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I am having a lot of trouble understanding the software instrument tracks in Logic Pro and how tempo works within them. If you record into logic using a software instrument as an input, there seems to be no way to separate the track from the project's tempo. I.e., I record into logic at 120bpm and then I speed the project tempo up to 130bpm, the software instrument track speeds up with it. This is fine in some cases, but in others I really want to be able to "unlock" this from the project tempo.

One other incredibly frustrating issue I'm having right now, is that this tempo locking feature seems to be completely throwing off my attempts at recording variable tempo tracks. So I have created a tempo curve from around 110bpm to around 120bpm. I then turn on the metronome and hit record on my software instrument track. I record along to the metronome, and then listen back, and the track is just completely out of time. I think what's happened is that logic has embedded in the track a flat 110bpm tempo, and then while I've sped up with the project tempo while recording, it's not taken that into account. Then once the track is fully recorded, logic goes and speeds up the track again to match the tempo curve. Not what I want! How can I make sense of this?

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Bounce your software track to an audio track. It should then stay at the same speed, unless you specifically ask Logic to change the speed of the audio. You can bounce any midi region using the shortcut Ctrl-B.

  • This is the strategy I have been using (though not ideal because I can't modify the midi region now, which would be useful) but I'm still stuck with the variable tempo use case as Logic shifts the tempo of the midi track as soon as i'm done recording it, so there's no point at which it correctly matches the tempo where I can bounce the track. – Leon Aves Nov 3 '18 at 14:44
  • idk Logic well-enough, but are you sure there's no master tempo track you need to switch on first? [& btw, but not really relevant to the issue, Logic is Mac-only, so no worries about what the command might be on Win ;) – Tetsujin Nov 3 '18 at 15:00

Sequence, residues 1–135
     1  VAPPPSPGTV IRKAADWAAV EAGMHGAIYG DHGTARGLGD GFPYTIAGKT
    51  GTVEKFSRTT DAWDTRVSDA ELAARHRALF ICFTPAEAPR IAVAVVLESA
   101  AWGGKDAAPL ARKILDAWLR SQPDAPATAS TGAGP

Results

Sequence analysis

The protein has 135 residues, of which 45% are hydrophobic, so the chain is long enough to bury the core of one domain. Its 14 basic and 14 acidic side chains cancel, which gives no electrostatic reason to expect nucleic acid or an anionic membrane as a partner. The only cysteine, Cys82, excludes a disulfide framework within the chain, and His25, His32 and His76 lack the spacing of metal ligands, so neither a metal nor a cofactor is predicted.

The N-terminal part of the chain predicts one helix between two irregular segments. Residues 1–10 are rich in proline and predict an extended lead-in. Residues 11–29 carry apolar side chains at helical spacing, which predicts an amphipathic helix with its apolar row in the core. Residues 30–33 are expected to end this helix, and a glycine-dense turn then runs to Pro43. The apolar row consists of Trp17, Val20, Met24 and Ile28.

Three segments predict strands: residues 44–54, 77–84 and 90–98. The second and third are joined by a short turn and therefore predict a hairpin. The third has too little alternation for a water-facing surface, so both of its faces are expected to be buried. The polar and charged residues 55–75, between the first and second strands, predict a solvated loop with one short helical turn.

• You need to bounce the audio while still at the first tempo. You can always edit the midi and then record again, as long as you change the tempo back before bouncing. In the end, this is how any DAW is designed to work: it would be crazy if all midi tracks didn't automatically change speed when you change the tempo. But I do understand what you're trying to do; layers with different tempi are really interesting, but not what most people need to do in a DAW. – Bob Broadley Nov 3 '18 at 18:17
  • Hello again folks - I think you might be able to do exactly what you want by locking the position of midi notes - I'm just going to try it and then post another answer if it works. – Bob Broadley Nov 3 '18 at 18:24
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I wouldn't usually post two answers for one question, but this is a completely different approach, so here we go. Both work, but this might be more what you are looking for...

  1. Record some MIDI data at a particular tempo.
  2. Select the region, right click, then go to SMPTE Lock->Lock SMPTE Position.
  3. Change the project tempo at the point where your region begins.
  4. Unlock the region SMPTE Lock.
  5. Change the project tempo at whichever point you like (for instance, for the whole piece).
  6. Move MIDI region as desired.

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